Genetic markers facilitate breeding resilient potatoes with characteristics local people want. (Credit CIP/H. Rutherford).

Sub-menus:

Discovery:
Jan Kreuze in the lab. (Credit CIP/J. Torres).

Innovation:
Ms Tirhas Woldu and her daughters, of Tigray, Ethiopia, enjoy orange-fleshed sweetpotato. (Credit CIP/A.Frezer).

Impact:
A combination of sweetpotato planting material, agronomic training and nutrition education has helped millions of rural families improve their food and nutrition security. (Credit CIP/I. Corthier).

Next-generation breeding:
Research assistant Monica Santayana works on a project to crossbreed potato and its wild relatives (Crop Trust/M. Major).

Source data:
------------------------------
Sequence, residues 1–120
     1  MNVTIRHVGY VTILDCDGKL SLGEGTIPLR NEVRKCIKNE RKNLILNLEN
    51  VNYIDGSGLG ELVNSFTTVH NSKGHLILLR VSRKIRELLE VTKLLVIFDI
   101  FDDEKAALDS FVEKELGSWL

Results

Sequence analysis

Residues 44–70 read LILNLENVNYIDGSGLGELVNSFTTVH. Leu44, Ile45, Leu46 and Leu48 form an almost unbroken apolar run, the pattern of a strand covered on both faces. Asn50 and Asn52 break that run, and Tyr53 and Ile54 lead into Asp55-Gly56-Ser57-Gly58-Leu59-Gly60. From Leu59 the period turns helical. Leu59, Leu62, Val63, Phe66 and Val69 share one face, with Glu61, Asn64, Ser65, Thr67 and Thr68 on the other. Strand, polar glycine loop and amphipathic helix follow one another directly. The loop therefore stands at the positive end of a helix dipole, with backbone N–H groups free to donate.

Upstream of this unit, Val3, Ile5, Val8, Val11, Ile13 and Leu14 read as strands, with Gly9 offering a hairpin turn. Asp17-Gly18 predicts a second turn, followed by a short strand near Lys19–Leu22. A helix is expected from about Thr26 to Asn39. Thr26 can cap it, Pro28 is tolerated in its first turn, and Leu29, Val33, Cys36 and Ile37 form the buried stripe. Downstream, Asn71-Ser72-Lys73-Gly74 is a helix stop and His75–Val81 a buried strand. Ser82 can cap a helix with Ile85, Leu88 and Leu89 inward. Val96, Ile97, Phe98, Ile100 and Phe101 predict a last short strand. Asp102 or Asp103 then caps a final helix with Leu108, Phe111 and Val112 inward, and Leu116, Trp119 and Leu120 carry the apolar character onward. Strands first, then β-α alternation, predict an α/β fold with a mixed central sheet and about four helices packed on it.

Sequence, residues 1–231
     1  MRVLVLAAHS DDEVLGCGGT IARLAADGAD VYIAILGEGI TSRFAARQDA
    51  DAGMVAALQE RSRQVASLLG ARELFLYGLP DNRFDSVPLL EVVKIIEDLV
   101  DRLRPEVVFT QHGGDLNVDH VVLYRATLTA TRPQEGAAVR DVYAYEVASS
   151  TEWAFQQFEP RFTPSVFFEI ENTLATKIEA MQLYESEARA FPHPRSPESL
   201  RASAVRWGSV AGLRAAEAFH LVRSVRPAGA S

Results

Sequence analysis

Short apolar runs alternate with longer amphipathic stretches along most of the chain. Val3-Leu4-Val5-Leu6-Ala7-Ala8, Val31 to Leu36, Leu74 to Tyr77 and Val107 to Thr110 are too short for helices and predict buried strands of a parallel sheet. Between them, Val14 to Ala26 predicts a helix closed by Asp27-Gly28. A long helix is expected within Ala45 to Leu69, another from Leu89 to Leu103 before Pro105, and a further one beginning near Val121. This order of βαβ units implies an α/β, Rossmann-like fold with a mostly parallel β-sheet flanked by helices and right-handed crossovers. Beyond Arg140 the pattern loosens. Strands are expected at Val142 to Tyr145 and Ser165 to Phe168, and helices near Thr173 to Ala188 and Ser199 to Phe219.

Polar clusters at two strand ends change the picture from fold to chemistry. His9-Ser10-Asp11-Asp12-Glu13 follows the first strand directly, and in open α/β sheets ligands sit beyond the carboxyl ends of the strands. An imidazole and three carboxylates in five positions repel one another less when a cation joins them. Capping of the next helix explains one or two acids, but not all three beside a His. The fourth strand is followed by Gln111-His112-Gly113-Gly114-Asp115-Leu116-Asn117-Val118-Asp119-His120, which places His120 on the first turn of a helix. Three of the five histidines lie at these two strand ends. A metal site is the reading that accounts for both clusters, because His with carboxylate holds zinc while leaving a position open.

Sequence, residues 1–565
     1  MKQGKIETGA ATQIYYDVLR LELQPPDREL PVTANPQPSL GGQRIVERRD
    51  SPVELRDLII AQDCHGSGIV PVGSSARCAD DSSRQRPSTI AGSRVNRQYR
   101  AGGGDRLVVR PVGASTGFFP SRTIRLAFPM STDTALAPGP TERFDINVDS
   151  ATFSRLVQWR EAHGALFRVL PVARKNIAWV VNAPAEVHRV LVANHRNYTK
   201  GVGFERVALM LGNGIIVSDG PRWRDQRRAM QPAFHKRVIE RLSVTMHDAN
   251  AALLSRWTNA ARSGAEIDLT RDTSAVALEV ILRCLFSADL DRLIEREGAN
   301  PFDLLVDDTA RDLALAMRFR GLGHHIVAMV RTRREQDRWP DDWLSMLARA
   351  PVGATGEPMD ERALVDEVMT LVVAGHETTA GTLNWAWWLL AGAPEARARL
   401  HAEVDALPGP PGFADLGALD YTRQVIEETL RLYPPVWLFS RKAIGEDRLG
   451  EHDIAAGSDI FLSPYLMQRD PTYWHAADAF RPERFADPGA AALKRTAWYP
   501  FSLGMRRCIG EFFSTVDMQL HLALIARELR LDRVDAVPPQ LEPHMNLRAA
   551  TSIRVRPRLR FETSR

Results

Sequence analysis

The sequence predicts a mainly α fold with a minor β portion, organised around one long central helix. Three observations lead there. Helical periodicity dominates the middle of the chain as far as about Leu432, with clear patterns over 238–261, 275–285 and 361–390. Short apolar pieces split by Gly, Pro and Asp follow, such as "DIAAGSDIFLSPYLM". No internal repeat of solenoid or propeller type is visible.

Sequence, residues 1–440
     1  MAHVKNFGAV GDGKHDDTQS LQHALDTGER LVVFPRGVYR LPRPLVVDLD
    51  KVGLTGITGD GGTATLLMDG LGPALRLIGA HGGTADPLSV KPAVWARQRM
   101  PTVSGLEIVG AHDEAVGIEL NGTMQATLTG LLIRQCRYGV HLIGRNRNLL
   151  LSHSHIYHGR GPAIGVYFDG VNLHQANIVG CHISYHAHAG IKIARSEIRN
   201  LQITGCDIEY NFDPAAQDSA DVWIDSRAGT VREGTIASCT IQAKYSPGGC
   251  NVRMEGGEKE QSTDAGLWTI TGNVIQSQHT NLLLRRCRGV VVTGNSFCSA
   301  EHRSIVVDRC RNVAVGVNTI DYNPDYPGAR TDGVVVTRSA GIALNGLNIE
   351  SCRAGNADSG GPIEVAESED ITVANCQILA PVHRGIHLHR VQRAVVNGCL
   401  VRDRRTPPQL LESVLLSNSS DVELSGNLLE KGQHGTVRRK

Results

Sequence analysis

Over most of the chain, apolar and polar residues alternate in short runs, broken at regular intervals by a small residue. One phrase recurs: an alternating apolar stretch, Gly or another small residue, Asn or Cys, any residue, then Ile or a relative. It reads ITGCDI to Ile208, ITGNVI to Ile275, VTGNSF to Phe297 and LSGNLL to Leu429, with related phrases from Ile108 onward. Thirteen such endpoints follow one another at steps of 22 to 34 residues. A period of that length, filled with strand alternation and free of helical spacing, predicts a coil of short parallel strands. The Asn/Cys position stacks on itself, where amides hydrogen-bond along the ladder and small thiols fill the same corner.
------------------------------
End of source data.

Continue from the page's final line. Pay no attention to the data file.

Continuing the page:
Stopping sweetpotato pathogens:
Scientist Barack Wanjawa tests the LAMP assay for sweetpotato viruses in Kenya (KALRO/A. Mulwa).

Triple advantage:
By storing sweetpotatoes in dry sand and using them to produce planting material, farmers are able to plant and harvest the nutritious crop earlier (CIP/M. Cherinet).

Potatoes for prosperity:
Farmer Doris Kagendo Gikunda, of Meru county, with the high-yielding CIP potato variety Unica (CIP/V. Atakos).

Sweet resilience:
Thousands of farmers received sweetpotato planting material to replace crops destroyed by Cyclone Idai (CIP/I. Corthier).

Asian appetites:
Nutrition education in Bangladesh (CIP/S.Quinn).

CIP at a glance:
Credit CIP/H. Rutherford

CIP in CGIAR:
Credit CIP/I. Corthier

Communication data 2019:
Credit CIP/S. Quinn

Board of Trustees:
Credit CIP/J.Torres

July 2020 

ABOUT  | CIP ACHIEVEMENTS | CREDITS

ABOUT  | CIP ACHIEVEMENTS | CREDITS